As I was researching black liquorice, however, I was really surprised to find that it is not botanically related to fennel, even though the flavor is almost identical. The liquorice plant is a legume that is native to southern Europe and parts of Asia. It is not botanically related to anise, star anise, or fennel, which are sources of similar flavouring compounds. Most liquorice is actually used as a flavoring agent for tobacco. Liquorice in candy/chew form is popular in Scandinavian countries, and in Italy (particularly in the South) and Spain in its natural form. The root of the plant is simply dug up, washed and chewed as a mouth freshener. Throughout Italy unsweetened liquorice is consumed in the form of small black pieces made only from 100% pure liquorice extract; the taste is bitter and intense. In Calabria a popular liqueur is made from pure liquorice extract. Liquorice is also very popular in Syria where it is sold as a drink.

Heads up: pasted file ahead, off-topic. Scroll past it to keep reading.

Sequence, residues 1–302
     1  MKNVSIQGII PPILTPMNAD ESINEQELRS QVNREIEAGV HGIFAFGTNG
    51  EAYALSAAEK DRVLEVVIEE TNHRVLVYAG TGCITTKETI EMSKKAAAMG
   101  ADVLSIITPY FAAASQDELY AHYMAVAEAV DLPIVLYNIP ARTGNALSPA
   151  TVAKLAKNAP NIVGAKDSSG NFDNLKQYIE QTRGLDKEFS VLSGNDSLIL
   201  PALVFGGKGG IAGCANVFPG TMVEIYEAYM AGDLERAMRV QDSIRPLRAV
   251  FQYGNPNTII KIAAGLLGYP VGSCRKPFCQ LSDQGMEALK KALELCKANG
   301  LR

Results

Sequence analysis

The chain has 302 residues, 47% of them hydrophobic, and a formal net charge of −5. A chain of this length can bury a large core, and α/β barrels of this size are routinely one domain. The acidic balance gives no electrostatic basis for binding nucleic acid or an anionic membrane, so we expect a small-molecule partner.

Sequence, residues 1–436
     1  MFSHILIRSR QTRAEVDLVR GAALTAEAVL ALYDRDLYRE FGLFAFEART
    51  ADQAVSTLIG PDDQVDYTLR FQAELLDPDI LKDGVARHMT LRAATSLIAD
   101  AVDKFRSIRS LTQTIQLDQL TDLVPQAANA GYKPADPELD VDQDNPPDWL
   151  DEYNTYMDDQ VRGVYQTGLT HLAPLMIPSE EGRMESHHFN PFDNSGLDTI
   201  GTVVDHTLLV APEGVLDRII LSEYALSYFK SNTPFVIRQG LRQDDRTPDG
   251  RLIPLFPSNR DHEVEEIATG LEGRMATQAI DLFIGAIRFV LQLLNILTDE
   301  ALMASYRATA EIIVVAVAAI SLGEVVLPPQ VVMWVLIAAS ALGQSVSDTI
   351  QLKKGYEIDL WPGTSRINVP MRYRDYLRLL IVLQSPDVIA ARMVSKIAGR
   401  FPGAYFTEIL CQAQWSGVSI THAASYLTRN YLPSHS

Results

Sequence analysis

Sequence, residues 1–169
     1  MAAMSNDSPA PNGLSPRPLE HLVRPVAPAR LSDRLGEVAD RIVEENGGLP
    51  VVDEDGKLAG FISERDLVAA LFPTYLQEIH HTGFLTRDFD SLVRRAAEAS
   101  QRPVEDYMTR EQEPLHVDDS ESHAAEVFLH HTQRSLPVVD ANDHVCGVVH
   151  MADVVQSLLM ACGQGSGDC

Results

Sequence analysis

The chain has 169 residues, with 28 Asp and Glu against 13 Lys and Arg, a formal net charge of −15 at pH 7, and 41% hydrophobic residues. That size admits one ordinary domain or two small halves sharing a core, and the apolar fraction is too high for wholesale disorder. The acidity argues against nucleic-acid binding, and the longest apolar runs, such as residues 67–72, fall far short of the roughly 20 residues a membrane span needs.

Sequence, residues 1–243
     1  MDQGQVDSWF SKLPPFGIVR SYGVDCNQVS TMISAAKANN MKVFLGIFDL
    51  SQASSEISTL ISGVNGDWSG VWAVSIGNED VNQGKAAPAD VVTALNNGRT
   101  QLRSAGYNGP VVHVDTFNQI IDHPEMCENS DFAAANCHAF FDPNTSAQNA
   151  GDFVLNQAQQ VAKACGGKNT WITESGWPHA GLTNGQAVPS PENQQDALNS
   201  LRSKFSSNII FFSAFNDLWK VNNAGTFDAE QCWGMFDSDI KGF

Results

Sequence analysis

Liquorice is reported to treat gastrointestinal disorders, including stomach ulcers, as well as bronchitis. It is also used topically to treat skin disorders such as excema and psoriasis. Moreover, liquorice extract is a known natural brightening agent for skin pigmentation disorders or irritation.
I thought the liquorice flavor, with apples, would pair nicely with a rye flour crust, so I made an all-butter crust with half whole grain rye flour (that I got, freshly milled, at San Francisco’s The Mill, a joint venture between Josey the Baker and Blue Bottle Coffee).
Here’s the Recipe:
Let the pie cool for at least 1/2 hour. Serve with raw apple slices and raw fennel fronds if you like, which nicely brightens the earthiness of the rye crust.
*Update: he liked it!
Posted on January 23, 2014